Dr. Tom Nettles was the speaker last week at the 2012 Founders Breakfast (at the 2012 Annual Meeting of the SBC). The title of his message is “The Southern Baptist Convention: Retrospect and Prospect” and I highly recommend it, especially in light of the current discussions about “traditional” theology in the SBC. The first half of Nettles’ provides numerous facts, figures, and direct references to pastors, churches, and institutions who held Reformed doctrine prior to the new traditionalists, while the second half focuses on the chiastic structure of SBC history. It is a fascinating look at the ebb and flow of theological trajectories, and the last nine minutes of the talk gives you Nettles’ direct interaction with the current attempt to marginalize Calvinists in the SBC.
Posted tagged ‘Calvinism’
I used to blog about the Southern Baptist Convention quite a bit. In recent years, I have tried to focus on practical issues of church life from a theologically driven focus. Nevertheless, given the significance of this past week, I’d like to jump into the SBC blog world again and attempt to contribute a few reflections and anticipations.
I am very glad that the election of Fred Luter as the first African American President of the SBC was not overshadowed by the theological controversies swirling around on the internet. The moment when we all stood in affirmation and celebration of his election was a powerful moment. I don’t know how anyone could have not been emotional gripped by providence and the present recognition of history being made. As I type this in my NOLA hotel room, my wife and I just returned from a tour of the city. One of the significant and recurring points the guide made was the slave quarters and how they lived in this city. Learning how prominent slavery was in the history of this city (and our country) makes me all the more appreciative of God’s work of repentance in the SBC.
Along with Luter as President, I am very encouraged by the election of Nathan Lino as First VP and Dave Miller as Second VP. Over the past four years, I have been a part of a “young leaders” meeting where, in 2008, I first met Nathan. He is an experienced church planter, whose church just celebrated their 10th anniversary. Nathan has a wonderful, gracious spirit and evangelical commitment to work together with Southern Baptists who may not agree with him on various theological issues but nevertheless are unified in the gospel and the Great Commission. Nathan and I have discussed this week how we can work together to forward a new narrative of healthy, robust discussion as brothers who see differently on various issues but have a transcendent love and determination to not allow the differences keep us from linking arms and hearts for reaching the lost, whether they are across the street or across the world. Hopefully, you will hear more about that in the future.
When the current controversy erupted over Calvinism in the SBC erupted a couple weeks ago, I debated whether or not to enter the fray. Things have changed quite considerably since the hay day of 2005-2008 when Calvinism seemed to be the death-defying whipping boy of folks with more fight in their hands than love in their hearts. But alas, perhaps the change was merely an intermission thanks largely in part to the Great Commission Resurgence (GCR) which, for a time, seemed to unite Southern Baptists on the front lines of the Great Commission.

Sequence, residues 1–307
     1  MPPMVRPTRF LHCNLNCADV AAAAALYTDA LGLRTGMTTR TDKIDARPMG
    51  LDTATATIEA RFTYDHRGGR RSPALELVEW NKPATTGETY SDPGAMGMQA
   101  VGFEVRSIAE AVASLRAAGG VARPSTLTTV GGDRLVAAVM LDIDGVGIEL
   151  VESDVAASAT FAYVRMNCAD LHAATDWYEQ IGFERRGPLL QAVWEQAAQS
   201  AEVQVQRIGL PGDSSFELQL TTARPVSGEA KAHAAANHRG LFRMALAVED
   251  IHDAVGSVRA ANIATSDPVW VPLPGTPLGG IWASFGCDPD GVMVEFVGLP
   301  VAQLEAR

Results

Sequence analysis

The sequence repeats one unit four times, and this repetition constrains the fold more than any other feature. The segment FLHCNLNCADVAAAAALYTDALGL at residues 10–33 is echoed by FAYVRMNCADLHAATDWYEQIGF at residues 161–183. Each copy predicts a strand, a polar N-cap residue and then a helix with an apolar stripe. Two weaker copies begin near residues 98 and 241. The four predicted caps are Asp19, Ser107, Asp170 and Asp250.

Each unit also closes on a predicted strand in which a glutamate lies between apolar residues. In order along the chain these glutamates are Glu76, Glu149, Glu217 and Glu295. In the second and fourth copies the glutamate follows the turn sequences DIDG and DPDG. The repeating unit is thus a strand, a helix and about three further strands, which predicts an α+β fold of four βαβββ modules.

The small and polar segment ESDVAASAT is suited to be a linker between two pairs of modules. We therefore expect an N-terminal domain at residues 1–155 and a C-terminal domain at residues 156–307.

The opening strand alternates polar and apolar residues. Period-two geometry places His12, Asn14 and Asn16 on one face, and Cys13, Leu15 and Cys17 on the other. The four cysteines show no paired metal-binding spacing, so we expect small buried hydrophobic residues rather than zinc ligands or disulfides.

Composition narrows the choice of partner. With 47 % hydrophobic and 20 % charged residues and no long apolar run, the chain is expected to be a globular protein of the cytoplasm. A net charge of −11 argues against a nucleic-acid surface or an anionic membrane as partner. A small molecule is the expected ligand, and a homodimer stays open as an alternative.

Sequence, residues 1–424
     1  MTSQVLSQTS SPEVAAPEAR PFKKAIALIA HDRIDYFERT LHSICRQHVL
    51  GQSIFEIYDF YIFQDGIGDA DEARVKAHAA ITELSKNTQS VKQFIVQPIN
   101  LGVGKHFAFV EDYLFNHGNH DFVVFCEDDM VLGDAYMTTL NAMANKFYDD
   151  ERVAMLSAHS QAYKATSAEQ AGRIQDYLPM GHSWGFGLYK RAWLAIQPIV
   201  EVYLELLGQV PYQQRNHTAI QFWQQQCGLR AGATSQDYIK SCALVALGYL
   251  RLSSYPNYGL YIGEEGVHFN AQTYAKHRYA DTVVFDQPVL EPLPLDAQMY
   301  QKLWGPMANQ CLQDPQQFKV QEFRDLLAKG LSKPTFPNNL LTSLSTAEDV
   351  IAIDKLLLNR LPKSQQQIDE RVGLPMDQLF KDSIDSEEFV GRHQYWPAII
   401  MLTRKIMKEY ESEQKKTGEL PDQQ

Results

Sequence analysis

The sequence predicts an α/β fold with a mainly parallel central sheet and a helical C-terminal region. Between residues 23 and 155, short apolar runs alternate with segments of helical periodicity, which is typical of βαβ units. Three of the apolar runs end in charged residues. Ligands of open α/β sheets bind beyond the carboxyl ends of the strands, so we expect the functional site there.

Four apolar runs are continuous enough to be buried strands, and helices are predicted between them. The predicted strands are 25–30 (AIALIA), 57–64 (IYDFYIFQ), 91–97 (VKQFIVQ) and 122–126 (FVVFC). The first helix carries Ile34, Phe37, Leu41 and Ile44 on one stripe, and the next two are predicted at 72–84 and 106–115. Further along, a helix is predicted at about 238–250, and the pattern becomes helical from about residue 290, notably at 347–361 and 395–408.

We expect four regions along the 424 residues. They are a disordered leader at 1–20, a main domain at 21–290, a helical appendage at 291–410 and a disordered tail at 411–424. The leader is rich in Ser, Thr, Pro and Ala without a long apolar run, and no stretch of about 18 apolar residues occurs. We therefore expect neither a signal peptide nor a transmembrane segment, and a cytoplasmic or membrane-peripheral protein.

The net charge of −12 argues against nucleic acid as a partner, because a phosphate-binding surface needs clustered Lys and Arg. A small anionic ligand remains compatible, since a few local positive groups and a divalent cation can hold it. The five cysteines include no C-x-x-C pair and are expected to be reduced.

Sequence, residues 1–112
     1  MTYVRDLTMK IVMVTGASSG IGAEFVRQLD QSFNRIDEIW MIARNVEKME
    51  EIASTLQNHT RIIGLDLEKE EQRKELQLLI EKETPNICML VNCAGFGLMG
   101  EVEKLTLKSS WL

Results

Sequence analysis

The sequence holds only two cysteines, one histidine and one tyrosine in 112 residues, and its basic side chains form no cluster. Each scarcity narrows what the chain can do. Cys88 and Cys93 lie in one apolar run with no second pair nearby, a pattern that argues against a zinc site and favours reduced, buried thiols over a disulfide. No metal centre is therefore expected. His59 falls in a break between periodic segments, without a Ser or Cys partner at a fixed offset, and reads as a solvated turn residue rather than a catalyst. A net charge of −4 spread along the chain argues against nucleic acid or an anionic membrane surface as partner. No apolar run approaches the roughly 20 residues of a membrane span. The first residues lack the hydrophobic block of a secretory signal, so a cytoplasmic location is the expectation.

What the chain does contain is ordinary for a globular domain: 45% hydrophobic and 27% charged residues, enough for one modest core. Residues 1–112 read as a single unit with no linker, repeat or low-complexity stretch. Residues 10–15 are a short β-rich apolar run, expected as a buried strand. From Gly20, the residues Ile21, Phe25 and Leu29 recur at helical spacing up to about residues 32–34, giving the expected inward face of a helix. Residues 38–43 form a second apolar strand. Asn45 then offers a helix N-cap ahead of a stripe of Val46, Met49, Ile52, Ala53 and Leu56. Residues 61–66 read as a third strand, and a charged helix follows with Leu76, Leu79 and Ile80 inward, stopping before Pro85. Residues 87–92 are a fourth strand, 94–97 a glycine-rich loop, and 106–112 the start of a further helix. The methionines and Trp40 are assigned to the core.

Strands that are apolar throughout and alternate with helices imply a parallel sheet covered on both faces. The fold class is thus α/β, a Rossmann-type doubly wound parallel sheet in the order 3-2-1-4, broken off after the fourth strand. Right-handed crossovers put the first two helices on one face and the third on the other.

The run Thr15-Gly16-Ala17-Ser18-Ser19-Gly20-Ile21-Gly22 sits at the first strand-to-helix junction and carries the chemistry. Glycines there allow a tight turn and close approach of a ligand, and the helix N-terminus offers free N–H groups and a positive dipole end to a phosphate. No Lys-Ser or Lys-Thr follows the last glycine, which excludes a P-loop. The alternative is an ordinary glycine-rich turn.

But the SBC, since the affirmation of the GCR, have gone back to the barricks and once again are turning against one another as if the willingness to fight is a temptation of which one too many are unwilling to walk away. Needless to say, I have my thoughts on the “traditionalist” March to New Orleans, and undoubtedly sparks are going to fly about Calvinism and whether or not the Baptist Faith and Message is a sufficient confessional guide to afford meaningful and substantive cooperation for Southern Baptists. Several of my friends have taken up this discussion on the Internet, including Tom Ascol (whose series I high recommend) and Nathan Finn (whose aspirations I wholeheartedly embrace). I don’t think I have much to contribute other than what they (and others) have been able to say in ways far more reasonable and eloquent.
BUT, if I have one contribution to make to the discussion leading up to next week’s Annual Meeting of the SBC in New Orleans, it would not be critiquing a very poorly written traditionalist document, nor would it be explaining the postmodern power play of subject-defining labels like “New Calvinism” and “traditionalist”, nor would it be showing how the “majoritarian” party has failed to influence the direction of the SBC since 2006 (2006-07 Joshua Convergence; 2008-09 Baptist Identity Movement; 2010-2011 Anti-GCR Movement; 2012 Traditionalist Movement). Rather, I’d like to issue a statement to my fellow Reformed brothers in the SBC. With all that is going on next week, there’s some fundamental things that I’m preaching to myself and think it helpful to share with my Reformed brethren. To put some order to my thoughts, here are five “Do’s” and “Don’ts” as it related to next week’s Annual Meeting.